It is the end of my first year of teaching, and I am in a reflective mood. The art of “reflection” was one heavily mocked in my professional college. It seemed as though every assignment in the College of Education involved some kind of reflection. Students of other colleges dismissed the idea as elementary. Do something useful, then reflect on it, then reflect on that reflection, etc. The process began to resemble an infinite sequence. It wasn’t until the reflections were no longer forced, that I found value in the process.

My year began in chaos. I was hired to teach for a division, but not told where to report until 10 PM the night before staff re-gathered across the city. On 10 hours notice, I went to the school and began my career. They had no classes, students, or space for me. I slowly carved out a niche that included all three. Until this process was complete, I co-taught with 4 different teachers. In this hectic time, I had no time for preparation or archiving. Reflecting on that experience rehashed a very valuable activity I co-taught with a colleague in Mathematics 9.

I was bursting with excitement to try some new things in math class. I was given my first opportunity on the first day of class. We were to start with the teaching of Order of Operations (or BEDMAS, PEMDAS). The acronyms are convenient, but unfortunately suck all meaning out of the process. I decided to take a different approach, got the students into pairs, and handed out a worksheet. It read as follows:

The 6 key on your calculator is broken. Find the answers to the calculations below. Work out which keys to press before trying it on your calculator. Record the calculations that you do.

32+16

126-58

48×6

146/7

62+16

263-76

263/62

36×0.6

Most students were excited to see such a simple activity on day 1. For some reason, students feel safe as long as they are permitted to use a calculator. There is a large debate over the use of calculators in math classrooms. One theory insists that the memorization of rote facts is a necessary skill to be numerate. The other recognizes that the virtual cornucopia of available calculators at any given time diminishes the need for rote memorization. It is more important to understand the number system behind the tables, than the tables themselves. Why put our trust in human memory when it proves to be so fallible? If you don’t believe this, spend 30 minutes with my dear grandfather; he will remind you of the deficiencies of human memory. The above tangent probably discloses my personal opinion on the debate. I digress…

Back to the task at hand. The questions begin simple. Students break up the “16” in many different ways–mostly additive. This is a great way to start, because correct answers keep curiosity high. The few students who try breaking up “16” into “8×2” quickly discover that their answer differs from the class. This ripple effect begins discussions.

My circulation fuels the fire. What do you mean you got a different answer? Maybe your substitution was incorrect? After checking that indeed 9+7 was equal to 8×2, we had to re-double our efforts. I prod them onto the next calculations, until I hear that student savior from grade 8…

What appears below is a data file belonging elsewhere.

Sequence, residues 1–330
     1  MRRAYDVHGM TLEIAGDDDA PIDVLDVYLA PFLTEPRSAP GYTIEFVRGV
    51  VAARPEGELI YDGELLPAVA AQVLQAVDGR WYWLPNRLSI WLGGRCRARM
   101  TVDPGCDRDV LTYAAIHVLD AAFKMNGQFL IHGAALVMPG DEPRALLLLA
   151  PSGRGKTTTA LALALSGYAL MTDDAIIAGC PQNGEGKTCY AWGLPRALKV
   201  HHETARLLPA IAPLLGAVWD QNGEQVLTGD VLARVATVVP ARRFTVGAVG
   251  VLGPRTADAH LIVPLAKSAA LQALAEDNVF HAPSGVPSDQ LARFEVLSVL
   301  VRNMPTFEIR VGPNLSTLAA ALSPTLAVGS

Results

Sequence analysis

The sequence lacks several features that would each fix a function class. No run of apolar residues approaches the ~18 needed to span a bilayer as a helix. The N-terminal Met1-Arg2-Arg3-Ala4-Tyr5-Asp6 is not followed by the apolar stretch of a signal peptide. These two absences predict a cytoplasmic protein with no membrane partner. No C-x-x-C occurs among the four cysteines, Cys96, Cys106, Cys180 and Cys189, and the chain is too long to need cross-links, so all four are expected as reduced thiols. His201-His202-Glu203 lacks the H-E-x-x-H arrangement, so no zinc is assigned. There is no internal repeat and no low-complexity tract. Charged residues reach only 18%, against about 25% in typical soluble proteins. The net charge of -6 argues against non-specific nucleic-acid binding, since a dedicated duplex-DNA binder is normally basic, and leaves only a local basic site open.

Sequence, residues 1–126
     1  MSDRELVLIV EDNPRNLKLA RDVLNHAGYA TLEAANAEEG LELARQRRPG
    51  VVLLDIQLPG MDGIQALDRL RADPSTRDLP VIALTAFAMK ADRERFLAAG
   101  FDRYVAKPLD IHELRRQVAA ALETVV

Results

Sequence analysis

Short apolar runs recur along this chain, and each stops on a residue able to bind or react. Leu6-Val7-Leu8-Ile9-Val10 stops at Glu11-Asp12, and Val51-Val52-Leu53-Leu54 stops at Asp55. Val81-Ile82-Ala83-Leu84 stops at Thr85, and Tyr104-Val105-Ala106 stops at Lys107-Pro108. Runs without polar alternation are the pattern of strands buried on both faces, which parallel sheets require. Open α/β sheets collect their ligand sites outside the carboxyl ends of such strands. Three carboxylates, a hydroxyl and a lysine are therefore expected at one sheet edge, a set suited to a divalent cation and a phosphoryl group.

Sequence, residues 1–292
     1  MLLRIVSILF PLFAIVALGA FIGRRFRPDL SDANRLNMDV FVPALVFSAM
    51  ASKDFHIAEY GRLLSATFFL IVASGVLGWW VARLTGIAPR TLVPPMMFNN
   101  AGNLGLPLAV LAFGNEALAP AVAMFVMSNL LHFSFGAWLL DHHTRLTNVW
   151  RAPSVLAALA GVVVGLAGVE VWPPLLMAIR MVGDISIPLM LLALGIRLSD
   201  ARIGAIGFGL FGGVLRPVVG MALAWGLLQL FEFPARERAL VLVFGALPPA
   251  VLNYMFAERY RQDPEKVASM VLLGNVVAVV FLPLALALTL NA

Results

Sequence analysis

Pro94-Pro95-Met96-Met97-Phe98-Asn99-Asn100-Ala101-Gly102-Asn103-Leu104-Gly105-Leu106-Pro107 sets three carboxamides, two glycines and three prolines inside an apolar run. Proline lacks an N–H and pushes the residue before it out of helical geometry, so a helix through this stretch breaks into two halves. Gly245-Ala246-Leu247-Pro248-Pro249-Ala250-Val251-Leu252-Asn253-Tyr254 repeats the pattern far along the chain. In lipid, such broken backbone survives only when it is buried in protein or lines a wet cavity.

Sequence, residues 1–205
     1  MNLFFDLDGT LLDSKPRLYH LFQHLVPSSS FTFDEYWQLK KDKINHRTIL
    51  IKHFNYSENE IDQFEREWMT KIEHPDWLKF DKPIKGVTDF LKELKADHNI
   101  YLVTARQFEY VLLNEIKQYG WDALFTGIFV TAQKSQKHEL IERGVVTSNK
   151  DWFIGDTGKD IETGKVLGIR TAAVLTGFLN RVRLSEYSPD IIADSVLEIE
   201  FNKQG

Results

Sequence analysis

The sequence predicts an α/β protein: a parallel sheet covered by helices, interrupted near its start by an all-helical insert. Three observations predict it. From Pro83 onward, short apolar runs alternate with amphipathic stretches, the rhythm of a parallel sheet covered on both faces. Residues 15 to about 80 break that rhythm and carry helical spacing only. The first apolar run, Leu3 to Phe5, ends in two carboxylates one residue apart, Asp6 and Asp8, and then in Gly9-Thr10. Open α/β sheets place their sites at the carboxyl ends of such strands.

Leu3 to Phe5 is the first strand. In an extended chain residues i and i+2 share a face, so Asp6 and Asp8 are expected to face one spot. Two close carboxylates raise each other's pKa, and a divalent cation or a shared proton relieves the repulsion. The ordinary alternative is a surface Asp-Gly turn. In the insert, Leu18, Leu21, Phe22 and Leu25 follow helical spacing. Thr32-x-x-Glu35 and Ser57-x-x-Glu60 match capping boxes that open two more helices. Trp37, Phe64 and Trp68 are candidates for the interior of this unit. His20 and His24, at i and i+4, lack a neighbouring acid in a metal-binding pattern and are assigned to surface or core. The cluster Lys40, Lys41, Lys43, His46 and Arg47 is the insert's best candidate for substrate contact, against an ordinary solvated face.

“Do we have to use BEDMAS?”

Jackpot. I now turn the discussion global. What is BEDMAS, and why do we need it? Cue the history lesson. After that is done, I send them back with this knowledge to work out the nuts and bolts of it. You now have a name, now learn why it works. Students use a hierarchy to solve more difficult problems. They are now careful how the represent the numbers. Maybe “9+7” is different than “8×2”. The answers are NEVER worked out with working calculators, I instead collect answers from the class and verify with frequency. This helps divergent answers emerge.

I have the students work left-to-right until the topic of BEDMAS comes up. Then they start using operations for their strength. When students begin to emerge as exceptional, I pose further problems:

What if you weren’t given a calculator with brackets, could you write your calculations using operations that would work from left-to-right?

What if I also broke your multiplication button? addition button?

What if I banned a Prime number?

Given certain buttons, which numbers can be created?

etc.

Playing with operations and their order brings meaning to the memory cue. Certain metaphors may begin to emerge. Brackets are the toughest operations and “beat up” the weaker ones. Addition is the “little brother” of multiplication. Etc. Keep the experimentation alive!

There are some interesting applets that play with broken calculators. These activities do not necessarily enforce BEDMAS, but mingle it with the knowledge of additive and multiplicative factors. One of my favourites is courtesy of mathisfun.com.

http://www.mathsisfun.com/games/broken-calculator.html

The activity went over very well. I encourage teams of teachers to get together and try exploratory mathematics. The end of the year also reminds me that copious amounts of broken calculators are left for the summer break. The old saying goes that someone’s trash is another’s treasure. In this case, we can take student waste and turn it into valuable mathematics.

NatBanting

## 2 replies on “The BEDMAS of Broken Keys”

Great activity!

My problem with BEMDAS is that it makes it look as if multiplying comes before dividing. I prefer to split it up as

B

E (or even PR for powers and roots)

MD

AS.

kensson: that always needs to be stressed. Since Mult/Div are opposites, they must have the same power. I run with the metaphor the students suggest. PEMDAS, shows the altered order. It is a discussion with the students for sure! Thanks for the comment.